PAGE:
Military training causes disruptions during S. Korea’s college entrance exams
SEOUL — Military training caused disruptions for about 200 high school students in a county northeast of Seoul during South Korea’s college entrance exams earlier this month, according to local police and education officials.
Normally, military officials halt all training and drills during the once-in-a-lifetime test, which determines college eligibility, vocation and potential income for students throughout the country.
The test is so important that businesses shorten the workday to lessen traffic noise, and incoming commercial airplanes are ordered to circle above airports during two crucial listening portions of the daylong test, the Wall Street Journal reported earlier this month.
But this year, early morning training on Nov. 13 in Cheorwon County sent local police — who typically guard the local high school during the test — scrambling to figure out who was making the noise.
This week, a spokesman for the South Korean Army confirmed that its troops were firing MG-50 machine guns at a range about five miles from the school. Once they were alerted to their interference with the exam, they stopped their firing, the spokesman said.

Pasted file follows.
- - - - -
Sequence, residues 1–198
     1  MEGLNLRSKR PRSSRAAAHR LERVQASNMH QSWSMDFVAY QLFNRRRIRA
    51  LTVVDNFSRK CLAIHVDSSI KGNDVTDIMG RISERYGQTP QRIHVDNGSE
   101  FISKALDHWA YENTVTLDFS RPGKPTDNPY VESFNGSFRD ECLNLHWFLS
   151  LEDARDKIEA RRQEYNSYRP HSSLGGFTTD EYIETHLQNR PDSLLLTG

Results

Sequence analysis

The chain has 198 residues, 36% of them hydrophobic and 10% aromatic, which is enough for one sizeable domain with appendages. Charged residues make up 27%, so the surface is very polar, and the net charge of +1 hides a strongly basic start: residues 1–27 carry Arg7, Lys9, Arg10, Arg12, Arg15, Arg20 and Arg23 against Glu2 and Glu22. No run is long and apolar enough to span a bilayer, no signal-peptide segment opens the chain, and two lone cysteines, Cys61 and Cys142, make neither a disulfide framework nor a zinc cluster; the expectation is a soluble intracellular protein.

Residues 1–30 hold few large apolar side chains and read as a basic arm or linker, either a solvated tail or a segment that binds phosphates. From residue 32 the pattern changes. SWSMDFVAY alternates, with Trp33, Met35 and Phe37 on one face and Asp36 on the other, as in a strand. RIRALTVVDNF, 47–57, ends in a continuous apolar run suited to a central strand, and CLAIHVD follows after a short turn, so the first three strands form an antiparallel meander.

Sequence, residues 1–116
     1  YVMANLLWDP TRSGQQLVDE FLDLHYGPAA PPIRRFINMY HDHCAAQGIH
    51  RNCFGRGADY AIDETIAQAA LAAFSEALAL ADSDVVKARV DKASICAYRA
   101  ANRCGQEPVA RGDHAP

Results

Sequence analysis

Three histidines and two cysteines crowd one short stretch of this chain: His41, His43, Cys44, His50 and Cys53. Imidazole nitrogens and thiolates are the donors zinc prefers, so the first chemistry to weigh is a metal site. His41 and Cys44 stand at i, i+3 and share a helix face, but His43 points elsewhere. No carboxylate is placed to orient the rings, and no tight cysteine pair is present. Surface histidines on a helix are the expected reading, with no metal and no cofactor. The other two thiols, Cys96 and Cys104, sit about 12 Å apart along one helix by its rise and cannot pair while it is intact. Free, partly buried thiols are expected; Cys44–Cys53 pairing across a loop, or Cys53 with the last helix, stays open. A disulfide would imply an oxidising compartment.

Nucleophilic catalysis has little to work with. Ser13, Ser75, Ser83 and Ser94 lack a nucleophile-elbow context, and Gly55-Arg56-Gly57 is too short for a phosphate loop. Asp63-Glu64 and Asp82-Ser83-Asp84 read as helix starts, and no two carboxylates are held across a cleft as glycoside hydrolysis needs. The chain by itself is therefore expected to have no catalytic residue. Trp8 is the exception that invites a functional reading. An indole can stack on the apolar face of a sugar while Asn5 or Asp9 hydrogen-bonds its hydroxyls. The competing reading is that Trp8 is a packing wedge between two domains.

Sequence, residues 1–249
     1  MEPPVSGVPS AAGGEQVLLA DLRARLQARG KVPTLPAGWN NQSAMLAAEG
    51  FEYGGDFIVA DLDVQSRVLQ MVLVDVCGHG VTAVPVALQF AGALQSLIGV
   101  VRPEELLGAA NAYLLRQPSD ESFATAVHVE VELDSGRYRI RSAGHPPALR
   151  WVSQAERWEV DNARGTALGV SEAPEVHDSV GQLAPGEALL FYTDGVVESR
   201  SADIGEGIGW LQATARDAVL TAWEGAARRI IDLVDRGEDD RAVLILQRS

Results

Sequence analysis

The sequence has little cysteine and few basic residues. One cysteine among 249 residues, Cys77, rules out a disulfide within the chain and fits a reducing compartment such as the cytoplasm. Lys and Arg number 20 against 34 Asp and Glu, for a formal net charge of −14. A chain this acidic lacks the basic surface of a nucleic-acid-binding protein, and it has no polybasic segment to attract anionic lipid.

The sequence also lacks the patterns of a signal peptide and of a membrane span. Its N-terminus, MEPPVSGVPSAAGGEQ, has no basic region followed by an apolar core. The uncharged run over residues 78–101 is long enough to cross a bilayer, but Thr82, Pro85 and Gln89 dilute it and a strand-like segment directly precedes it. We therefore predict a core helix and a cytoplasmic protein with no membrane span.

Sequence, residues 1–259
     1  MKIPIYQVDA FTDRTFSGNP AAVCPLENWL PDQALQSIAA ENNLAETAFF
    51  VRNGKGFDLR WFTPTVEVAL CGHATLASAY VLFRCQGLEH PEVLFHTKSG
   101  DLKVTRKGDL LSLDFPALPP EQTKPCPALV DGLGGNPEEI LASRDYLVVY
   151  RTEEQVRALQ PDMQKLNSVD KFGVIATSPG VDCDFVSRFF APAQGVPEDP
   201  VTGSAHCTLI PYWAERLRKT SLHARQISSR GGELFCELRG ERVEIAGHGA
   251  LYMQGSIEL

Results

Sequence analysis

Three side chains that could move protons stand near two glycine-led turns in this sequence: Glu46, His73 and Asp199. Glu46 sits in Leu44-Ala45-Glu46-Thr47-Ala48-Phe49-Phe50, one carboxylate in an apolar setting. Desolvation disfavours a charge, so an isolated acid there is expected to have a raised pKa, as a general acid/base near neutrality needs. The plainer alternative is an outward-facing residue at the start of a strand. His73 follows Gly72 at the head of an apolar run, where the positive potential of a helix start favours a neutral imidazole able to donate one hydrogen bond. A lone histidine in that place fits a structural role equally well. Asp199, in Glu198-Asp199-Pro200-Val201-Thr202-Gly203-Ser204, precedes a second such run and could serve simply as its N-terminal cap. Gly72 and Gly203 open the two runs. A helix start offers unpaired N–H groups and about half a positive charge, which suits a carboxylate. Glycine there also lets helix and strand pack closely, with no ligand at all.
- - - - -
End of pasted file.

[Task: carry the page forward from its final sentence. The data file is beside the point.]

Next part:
But other firing in the area continued until about 11 a.m., he said, claiming it involved troops from the U.S. Army’s 2nd Infantry Division.
However, it’s unclear whether any U.S. military units were involved in creating the noise. A division spokesman said this week that he knew of no U.S. soldiers in the area conducting any training.
"As far as I know, no one was training at the time, and we have received no noise complaints," Maj. Vince Mitchell said Thursday.
Cheorwon school officials have received only one official complaint, from a student through the education office’s Web site. But police said they have heard grumbling from many people.
About 590,000 students took the test nationwide. Before the exam, the country’s Ministry of Education, Science and Technology asked the South Korean and U.S. militaries to avoid drills or exercises during two listening times — 8:40 a.m. to 8:53 a.m. and 1:10 p.m. to 1:30 p.m.
The South Korean Army remained quiet during those two times, but didn’t realize their training after 8:53 a.m. was so close to a high school, the spokesman said.
U.S. Forces Korea spokesman Dave Palmer said this week that commanders were reminded of the Nov. 13 test and the request for quiet time during the two specified periods. He, too, said no official complaints have been received.
In past years, USFK issued public statements reiterating its intent to respect the testing day. In 2004, the command halted all military flights, except those essential to missions or emergencies, and it closed all shooting ranges from 8:30 a.m. to 6:30 p.m.